Excavations of Maya burial vaults at Palenque, Mexico, half a century ago revealed what was then the most extraordinary tomb finding of the pre-Columbian world; its discovery has been crucial to an understanding of the dynastic history and ideology of the ancient Maya. Over the years, new analytical tools introduced uncertainties regarding earlier interpretations of the findings, and a reanalysis of the remains of the ruler Janaab? Pakal using contemporary methodologies has led to new interpretations of former accounts of his life and death. This volume communicates the broad scope of applied interdisciplinary research conducted on the Pakal remains to provide answers to old disputes over the accuracy of both skeletal and epigraphic studies, along with new questions in the field of Maya dynastic research. Contributions by scholars in epigraphy, anthropology, and bioarchaeology bring to light new evidence regarding the ruler's age, clarify his medical history and the identification of the remains found with him, reevaluate his role in life, and offer modern insights into ritual and sacrificial practices associated with Pakal.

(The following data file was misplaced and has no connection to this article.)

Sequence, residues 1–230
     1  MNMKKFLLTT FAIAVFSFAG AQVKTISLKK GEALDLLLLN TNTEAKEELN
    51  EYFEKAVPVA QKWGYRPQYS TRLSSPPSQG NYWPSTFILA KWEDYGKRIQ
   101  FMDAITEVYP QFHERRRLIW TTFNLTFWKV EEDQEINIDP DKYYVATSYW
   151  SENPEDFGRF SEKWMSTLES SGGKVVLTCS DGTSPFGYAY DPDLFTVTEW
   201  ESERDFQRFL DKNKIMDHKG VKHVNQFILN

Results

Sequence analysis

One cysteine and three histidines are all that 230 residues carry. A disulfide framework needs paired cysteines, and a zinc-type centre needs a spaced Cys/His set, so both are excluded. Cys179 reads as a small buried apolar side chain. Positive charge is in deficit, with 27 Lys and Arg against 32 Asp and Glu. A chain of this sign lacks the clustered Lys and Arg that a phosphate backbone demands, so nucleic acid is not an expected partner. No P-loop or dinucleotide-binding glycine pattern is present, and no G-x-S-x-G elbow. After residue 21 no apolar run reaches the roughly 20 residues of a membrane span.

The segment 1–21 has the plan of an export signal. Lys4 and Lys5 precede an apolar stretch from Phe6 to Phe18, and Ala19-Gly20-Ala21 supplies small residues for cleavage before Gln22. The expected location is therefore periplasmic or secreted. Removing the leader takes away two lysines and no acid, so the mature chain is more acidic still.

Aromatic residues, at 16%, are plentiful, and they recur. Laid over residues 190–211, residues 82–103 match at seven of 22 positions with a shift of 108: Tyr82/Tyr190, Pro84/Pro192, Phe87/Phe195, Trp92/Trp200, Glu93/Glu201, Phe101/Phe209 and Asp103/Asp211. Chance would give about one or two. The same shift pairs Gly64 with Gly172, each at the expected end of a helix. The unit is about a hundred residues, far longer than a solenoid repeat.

The book leads readers through the history of Pakal's discovery, skeletal analysis, and interpretation of Maya biographies, and also devotes considerable attention to the tomb of the ?Red Queen? discovered at the site. Findings from the new Transition Analysis aging method, histomorphometric analysis, and taphonomic imagery are presented to shed new light on the perplexing question of Pakal's age at death. Royal Maya life and death histories from the written record are also analyzed from a regional perspective to provide a broad panorama of the twisted power politics of rulers? families and the entangled genealogies of the Maya Classic period. A benchmark in biological anthropology, this volume reconsiders assumptions concerning the practices and lives of Maya rulers, posing the prospect that researchers too often find what they expect to find. In presenting an updated study of a well-known personage, it also offers innovative approaches to the biocultural and interdisciplinary re-creation of Maya dynastic history.
Vera Tiesler and Andrea Cucina are professors in the Facultad de Ciencias Antropologicas, Universidad Autonoma de Yucatan, Merida, Mexico, where Tiesler is head of the project Bioarqueologia en Area Maya and Cucina coordinates the master's program in skeletal anthropology.